Roth was right. Americans were eager to blame Lewinsky, or Clinton, or both. There was no “political sense” in exploring the forces that drove those two people into doing what they did.

But do we really have to be stuck there forever? Suppose Bill Clinton or Monica Lewinsky really had talked frankly about what led to the affair. We would have learned something.

That doesn’t mean we would have approved or excused what happened. I imagine it as taking a side step – and suddenly getting a whole new perspective. We’re adding to the meaning, not changing it. It’s an opportunity to dig into parts of the story we may have skipped over – and in that process we may gain understanding.

Perhaps we would even learn something about ourselves – about the forces in our own lives that sometimes trip us into abandoning our values, even if it’s just for a moment.

I am not asking you to reevaluate your opinion what Lewinsky and Clinton did (or what happened when Joyce Maynard lived with J.D. Salinger in 1972). But I am asking you to realize that language has the power to transform everything we know, think, and believe.

That doesn’t mean you have to do something big and serious. Language is fun (as every child babbling a string of nonsense words already knows!).

It does mean that language often offers us an opportunity to take that side step and discover a fresh perspective. We all need to make judgments about good-versus-bad and right-versus-wrong. But we can also ask questions that start with words like what, how, when, why, and what if. And we may come up with some amazing answers. Worth a try!

                   Philip Roth


An Editor at Work: Stephen King

I’ve become a big fan of Amazon’s “Look Inside!” feature. You can read a significant chunk of many books absolutely free right on your computer screen.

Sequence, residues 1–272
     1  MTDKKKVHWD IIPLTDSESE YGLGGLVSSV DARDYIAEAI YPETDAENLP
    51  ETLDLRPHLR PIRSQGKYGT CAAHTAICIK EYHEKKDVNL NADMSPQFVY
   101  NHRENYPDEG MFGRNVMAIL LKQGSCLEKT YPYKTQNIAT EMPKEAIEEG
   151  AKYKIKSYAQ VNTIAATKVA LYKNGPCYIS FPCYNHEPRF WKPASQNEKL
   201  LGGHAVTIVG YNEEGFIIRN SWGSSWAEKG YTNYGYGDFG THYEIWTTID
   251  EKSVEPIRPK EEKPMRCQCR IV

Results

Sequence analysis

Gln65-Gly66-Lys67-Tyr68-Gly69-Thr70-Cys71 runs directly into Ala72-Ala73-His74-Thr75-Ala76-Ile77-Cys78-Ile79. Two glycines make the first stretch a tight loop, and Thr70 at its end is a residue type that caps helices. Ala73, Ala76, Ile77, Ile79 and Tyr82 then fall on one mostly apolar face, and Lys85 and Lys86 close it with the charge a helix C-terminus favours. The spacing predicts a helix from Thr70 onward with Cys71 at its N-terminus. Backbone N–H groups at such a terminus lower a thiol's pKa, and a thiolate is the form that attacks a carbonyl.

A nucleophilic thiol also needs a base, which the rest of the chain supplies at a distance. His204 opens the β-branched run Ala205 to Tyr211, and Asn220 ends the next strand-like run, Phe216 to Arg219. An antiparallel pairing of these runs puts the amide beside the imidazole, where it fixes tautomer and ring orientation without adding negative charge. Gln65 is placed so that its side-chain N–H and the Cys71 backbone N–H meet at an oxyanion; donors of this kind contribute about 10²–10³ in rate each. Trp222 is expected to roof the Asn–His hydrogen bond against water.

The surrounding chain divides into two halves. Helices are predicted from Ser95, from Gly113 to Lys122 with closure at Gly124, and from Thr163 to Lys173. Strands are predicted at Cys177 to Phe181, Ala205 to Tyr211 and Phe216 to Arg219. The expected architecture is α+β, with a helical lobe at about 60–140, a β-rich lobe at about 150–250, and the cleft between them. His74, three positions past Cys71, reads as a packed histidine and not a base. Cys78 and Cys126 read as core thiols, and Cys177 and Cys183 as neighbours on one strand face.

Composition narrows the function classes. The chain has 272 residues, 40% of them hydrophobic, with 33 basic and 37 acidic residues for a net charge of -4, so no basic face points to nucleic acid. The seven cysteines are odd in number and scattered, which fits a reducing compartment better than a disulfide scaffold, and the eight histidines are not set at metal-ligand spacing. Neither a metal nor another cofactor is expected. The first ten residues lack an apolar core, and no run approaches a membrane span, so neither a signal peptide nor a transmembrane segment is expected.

“Look Inside” is intended to encourage browsers to buy books, but it’s also useful to writers. Instead of going to the library to browse through, say, 20 or 30 novels to see how a professional writes the first page, you can do the same thing at home. (Another great resource is, which allows you to read the entire text of classic books online, absolutely free.)

Author Marilyn Durham used this strategy when she was writing her successful novel The Man Who Loved Cat Dancing. How do the pros handle transitions from one chapter to another? How are new characters introduced? What does good dialogue sound like? Examining published works at the library helped her answer all these questions.

Today I want to point you to a “Look Inside” feature that can help you learn about editing. Stephen King’s book On Writing: A Memoir of the Craft lets you compare an original piece he wrote with the edited version. Annotations explain the reasons for each change. It’s fun to read – and enlightening! Click here to read it. (If you own the actual book, this section starts on page 277).

Successful writers are always developing their craftsmanship. We’re fortunate to have the Internet right at our fingertips, offering us endless resources to help us achieve our writing goals.